Getting the clause out!

The end of hidden minimum interest fees gives thousands of Spanish mortgage holders cause to applause

LAST UPDATED: 28 Nov, 2015 @ 11:18
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MORTGAGE holders are celebrating in their droves… and about time too.

Tancrede de Pola
Tancrede de Pola

With around 10% of Spanish mortgage holders affected by a hidden interest fee known as clausulas suelos, it is welcome relief to see the European Commission ordering banks to reimburse customers in full.

Estimated to be responsible for a whopping 90% of Spanish housing evictions, the minimum-rate interest clause has been costing mortgage holders an average of €3,000 a year for far too long.

But that – at last – looks to be coming to an end and good riddance too.

Not only have the clauses now been taken out of most – if not all – mortgages in Spain, but those who have forked out thousands of euros of their hard earned cash should now see a big payback.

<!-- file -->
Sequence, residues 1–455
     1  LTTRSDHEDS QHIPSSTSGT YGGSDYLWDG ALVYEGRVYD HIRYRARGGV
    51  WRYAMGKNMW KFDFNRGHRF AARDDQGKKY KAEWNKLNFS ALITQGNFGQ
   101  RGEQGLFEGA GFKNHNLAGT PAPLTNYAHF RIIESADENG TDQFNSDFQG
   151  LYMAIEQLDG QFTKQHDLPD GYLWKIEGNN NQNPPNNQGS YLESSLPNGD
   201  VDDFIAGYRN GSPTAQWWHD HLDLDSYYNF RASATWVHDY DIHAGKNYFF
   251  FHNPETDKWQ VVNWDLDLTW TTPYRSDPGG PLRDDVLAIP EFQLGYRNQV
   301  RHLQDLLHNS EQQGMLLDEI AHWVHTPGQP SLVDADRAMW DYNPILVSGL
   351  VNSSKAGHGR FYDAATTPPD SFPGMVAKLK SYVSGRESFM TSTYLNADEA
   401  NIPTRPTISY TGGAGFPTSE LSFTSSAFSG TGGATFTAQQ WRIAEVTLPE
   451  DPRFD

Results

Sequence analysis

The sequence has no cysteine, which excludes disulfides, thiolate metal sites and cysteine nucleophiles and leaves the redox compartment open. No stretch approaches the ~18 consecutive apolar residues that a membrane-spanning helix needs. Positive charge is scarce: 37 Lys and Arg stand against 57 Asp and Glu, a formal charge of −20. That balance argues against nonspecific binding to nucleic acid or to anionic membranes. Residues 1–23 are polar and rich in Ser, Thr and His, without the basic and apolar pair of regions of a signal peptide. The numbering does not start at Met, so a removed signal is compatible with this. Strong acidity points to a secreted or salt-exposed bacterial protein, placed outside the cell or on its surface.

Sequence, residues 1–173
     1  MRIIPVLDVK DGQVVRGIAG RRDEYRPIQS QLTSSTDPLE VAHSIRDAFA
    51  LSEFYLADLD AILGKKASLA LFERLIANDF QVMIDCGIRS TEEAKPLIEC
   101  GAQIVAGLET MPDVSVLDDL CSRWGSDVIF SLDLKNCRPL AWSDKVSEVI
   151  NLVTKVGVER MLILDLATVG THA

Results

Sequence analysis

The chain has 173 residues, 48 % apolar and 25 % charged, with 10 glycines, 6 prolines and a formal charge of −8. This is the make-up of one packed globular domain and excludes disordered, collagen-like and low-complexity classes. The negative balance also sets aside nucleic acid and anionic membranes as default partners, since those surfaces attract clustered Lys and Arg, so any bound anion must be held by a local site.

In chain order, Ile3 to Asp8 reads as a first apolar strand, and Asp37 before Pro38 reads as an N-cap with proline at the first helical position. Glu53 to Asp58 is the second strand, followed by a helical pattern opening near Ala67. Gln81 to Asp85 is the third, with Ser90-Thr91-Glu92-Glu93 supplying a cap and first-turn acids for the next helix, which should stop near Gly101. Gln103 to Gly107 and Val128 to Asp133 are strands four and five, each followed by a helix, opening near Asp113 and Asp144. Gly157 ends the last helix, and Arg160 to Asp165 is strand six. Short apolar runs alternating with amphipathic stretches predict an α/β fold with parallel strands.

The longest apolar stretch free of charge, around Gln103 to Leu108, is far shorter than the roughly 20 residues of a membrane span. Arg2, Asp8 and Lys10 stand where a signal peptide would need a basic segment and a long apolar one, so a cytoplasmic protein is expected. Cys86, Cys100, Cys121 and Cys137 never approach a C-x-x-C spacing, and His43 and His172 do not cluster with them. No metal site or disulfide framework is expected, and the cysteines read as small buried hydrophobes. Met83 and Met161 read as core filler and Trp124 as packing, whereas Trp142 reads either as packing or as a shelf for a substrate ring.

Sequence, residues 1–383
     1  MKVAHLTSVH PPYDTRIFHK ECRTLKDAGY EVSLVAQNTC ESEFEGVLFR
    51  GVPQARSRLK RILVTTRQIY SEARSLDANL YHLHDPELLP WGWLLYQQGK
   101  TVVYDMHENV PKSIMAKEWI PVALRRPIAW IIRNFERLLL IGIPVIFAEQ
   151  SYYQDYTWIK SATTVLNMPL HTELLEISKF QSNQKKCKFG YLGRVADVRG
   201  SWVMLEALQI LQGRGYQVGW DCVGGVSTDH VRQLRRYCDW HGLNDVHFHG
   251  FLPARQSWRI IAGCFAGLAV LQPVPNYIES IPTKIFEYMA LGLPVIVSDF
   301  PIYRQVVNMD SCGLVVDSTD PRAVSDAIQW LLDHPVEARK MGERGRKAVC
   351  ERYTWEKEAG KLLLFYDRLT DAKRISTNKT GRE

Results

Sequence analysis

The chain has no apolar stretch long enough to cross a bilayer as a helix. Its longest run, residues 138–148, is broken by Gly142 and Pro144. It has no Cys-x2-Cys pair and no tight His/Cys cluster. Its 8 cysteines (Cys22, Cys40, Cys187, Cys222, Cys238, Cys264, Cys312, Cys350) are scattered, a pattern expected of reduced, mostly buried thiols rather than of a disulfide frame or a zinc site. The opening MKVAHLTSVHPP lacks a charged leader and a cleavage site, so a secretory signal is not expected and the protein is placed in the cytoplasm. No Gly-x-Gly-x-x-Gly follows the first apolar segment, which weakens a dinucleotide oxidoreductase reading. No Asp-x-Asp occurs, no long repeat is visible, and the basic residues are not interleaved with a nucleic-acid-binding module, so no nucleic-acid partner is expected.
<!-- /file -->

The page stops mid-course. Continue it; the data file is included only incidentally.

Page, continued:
The logistics of the payback are yet to be ironed out, nor have the banks come out and responded to the order… therefore it could be a while yet before reimbursements start coming through.

To give a little background, the clausulas suelos saga reared its head in the mid 2000s, with thousands of customers complaining that they were being tricked into paying thousands of euros on top of their mortgage repayments.

It soon emerged that, unbeknown to many mortgage buyers up and down the country, banks had hidden the clausulas suelos minimum interest fee in the small print.

By May 2013, the Supreme Court ruled that the fee had not been outlined efficiently in mortgage contracts. Banks were ordered to remove clausulas suelos from all contracts where they were not outlined clearly and to repay any fees paid from that date on.

In October this year, Caixabank finally removed all its minimum-rate clauses, effectively losing the bank a staggering €220 million each year.

But the European Commision have now ruled that those sanctions do not go far enough. They have ordered banks to dip into their coffers one more and reimburse mortgage borrowers in full from the date they started repaying.

All in all, it will cost the banks a fair amount but will go some way to restoring confidence in the mortgage system.



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